Variety offended by Sid Meier’s Civilization IV: Colonization

Screenshot of Civilization IV: Colonization

You’d think the mainstream media might one day appreciate video games, but that is seemingly never the case. Over at Variety’s blog, we read hate all over their post, whose author has been offended by a game as meek as Sid Meier’s Civilization IV: Colonization.

The Sid Meier game merges the Civilization IV franchise with the relic Colonization, a Sid Meier classic that we all knew he would remake some day. As you can guess, the game is about leading one of four European powers into the New World and starting a colony, eventually working your way to declaring Independence and all.

The author of the post, Ben Fritz goes on about how offensive colonization is, and how it has always been about racism. He disagrees with Colonization‘s viewpoint of being a European who goes on to colonize, as it has usually brought about disastrous consequences upon the natives. He finds it apalling that you get to play as this oppressive power. I wonder if the fun-loving crowd at Firaxis ever thought of something like this.

I disagree with Ben completely. To start with, I am a Civilization IV addict, and I wonder if Ben has even played the original game. That being said, it should be noted that Civilization IV is a world-building strategy game first, where you take control of a civilization and lead it through the millennia of human history into glory.

Colonization is a stand-alone expansion to Civilization IV, that appears to focus on the Colonization aspect of the game. In the game, players get to trade, fight, negotiate, explore and do pretty much all that. Ben appears to be concerned by the “fight with natives” part. Now I’m not a member of the dev team, but if I know anything about Civilization IV, I know that fighting is almost always optional. I say ‘almost’ because there is always the possibility that these natives end up attacking you first and you have no choice in the matter.

Regardless, the game also does not seem to imply that it has a penchant for showing native tribes and peoples being exploited, nor do I see any themes of racism (although according to Ben’s equations, Colonization=Racism). Examine:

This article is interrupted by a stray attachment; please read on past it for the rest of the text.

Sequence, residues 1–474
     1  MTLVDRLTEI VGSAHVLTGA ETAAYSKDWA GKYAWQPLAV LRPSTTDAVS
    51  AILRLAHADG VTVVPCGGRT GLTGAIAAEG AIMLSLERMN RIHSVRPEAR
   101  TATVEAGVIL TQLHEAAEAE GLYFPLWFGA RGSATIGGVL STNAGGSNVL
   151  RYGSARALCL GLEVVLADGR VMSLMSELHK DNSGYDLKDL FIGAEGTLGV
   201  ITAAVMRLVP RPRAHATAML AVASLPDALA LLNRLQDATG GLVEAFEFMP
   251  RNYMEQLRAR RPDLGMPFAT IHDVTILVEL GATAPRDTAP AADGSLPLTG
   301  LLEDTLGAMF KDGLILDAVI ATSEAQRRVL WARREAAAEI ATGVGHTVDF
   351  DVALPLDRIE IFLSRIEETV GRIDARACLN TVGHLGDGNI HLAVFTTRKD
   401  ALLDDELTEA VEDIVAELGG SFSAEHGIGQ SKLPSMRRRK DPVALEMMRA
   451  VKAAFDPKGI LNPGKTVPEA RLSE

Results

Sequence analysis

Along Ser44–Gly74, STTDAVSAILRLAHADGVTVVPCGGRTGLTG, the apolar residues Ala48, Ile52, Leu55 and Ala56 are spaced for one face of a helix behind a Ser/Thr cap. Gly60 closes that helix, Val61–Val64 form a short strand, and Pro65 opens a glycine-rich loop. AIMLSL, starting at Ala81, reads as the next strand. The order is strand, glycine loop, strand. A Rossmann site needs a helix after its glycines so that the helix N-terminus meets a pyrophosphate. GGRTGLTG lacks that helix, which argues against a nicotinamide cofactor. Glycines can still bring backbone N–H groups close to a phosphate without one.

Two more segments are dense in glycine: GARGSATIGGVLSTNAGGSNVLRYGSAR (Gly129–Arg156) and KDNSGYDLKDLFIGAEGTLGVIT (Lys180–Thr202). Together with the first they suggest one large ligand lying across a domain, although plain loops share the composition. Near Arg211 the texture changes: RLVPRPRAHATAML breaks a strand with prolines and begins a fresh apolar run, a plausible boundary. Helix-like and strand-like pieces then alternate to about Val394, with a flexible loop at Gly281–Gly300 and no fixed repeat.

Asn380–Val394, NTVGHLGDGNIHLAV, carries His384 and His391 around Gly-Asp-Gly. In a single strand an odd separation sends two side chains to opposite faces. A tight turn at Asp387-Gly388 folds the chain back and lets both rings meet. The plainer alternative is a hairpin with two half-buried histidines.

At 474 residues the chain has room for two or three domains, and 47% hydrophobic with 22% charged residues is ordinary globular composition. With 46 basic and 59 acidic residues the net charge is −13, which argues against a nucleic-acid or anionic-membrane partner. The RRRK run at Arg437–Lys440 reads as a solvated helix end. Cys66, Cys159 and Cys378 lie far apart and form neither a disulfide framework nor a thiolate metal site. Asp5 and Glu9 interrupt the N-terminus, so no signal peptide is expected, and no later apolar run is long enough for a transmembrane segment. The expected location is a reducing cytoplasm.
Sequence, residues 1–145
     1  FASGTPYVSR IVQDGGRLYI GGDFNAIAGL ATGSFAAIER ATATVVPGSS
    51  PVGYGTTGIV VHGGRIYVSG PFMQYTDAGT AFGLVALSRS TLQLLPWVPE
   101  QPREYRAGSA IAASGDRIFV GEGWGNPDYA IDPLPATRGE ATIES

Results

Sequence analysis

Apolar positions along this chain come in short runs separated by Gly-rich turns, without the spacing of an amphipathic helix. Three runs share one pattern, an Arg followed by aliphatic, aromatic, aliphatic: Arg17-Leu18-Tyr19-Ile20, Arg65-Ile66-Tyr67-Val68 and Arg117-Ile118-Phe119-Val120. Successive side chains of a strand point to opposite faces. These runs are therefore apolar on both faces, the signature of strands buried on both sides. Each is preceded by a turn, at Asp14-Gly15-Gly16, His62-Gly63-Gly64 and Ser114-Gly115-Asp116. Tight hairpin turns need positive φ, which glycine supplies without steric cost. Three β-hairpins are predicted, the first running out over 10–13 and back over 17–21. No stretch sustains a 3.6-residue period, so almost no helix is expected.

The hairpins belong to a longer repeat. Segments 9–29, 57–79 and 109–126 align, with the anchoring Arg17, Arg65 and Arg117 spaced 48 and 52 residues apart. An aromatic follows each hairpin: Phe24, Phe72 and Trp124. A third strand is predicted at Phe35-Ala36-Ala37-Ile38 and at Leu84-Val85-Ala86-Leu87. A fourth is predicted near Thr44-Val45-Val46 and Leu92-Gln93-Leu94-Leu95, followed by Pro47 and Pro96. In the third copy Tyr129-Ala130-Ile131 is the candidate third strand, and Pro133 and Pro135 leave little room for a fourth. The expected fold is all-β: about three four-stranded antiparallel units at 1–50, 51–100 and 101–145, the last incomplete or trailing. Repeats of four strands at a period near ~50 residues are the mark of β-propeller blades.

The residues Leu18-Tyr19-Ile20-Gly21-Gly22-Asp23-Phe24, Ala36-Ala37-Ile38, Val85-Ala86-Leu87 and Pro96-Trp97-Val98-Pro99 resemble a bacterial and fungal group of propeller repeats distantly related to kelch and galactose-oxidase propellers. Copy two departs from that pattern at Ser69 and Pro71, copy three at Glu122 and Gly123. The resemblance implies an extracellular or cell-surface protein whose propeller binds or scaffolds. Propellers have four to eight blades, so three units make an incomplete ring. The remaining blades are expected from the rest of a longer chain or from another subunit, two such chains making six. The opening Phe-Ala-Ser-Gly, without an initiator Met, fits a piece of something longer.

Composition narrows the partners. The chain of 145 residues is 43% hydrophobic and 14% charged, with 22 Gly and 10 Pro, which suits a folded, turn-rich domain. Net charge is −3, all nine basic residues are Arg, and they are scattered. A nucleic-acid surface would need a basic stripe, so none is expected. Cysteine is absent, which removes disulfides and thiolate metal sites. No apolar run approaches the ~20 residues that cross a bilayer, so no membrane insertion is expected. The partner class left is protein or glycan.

And “conquer[ing] and rul[ing] the New World” is inherently about engaging in the racist practice of exploiting and abusing native people.

That is strange. What form of “conquering and ruling” does not involve expoiting and abusing native people, racist or not? It pretty much happens all around the world, regardless of what race you or your conquerors are. Using a more poetical meaning of the word “conquering”, the game might also be implying that you “conquer” the world by diplomacy and economy rather than racially exploiting and abusing native people.

A game about colonization that’s entirely about controlling the settlers can either force the player to do horrific things or let him avoid doing it and whitewash some of the worst events of human history.

Come to think of it, wouldn’t that be the case with all historically set games? Are we trying to whitewash human history when you build the Eiffel Tower in Beijing after a war with the Malinese Empire in Civilization IV? Are you in the mindframe of a tyrannical feudal lord when you command unfailingly obedient villagers in Age of Empires?

(And I’m not even getting into the offensiveness of using uncritically using the phrase “New World” in the marketing material.)

And say what? America? That’s what America was called before it was named, The New World. Wouldn’t changing that make the game both historically inaccurate and whitewashed to remove offensiveness?

I hardly think that a game about colonization, especially one as darned gamey as Sid Meier’s Civilization IV: Colonization is worth getting worked up about. Fritz says “If there was a major movie coming out that uncritically told the story of Europeans colonizing America, there would be a major furor, and rightfully so.” I don’t think so. Neither would a movie with sex, violence, prostitution et al: because movies have the “art” and “conceptual approach” defences.

When will the world learn?

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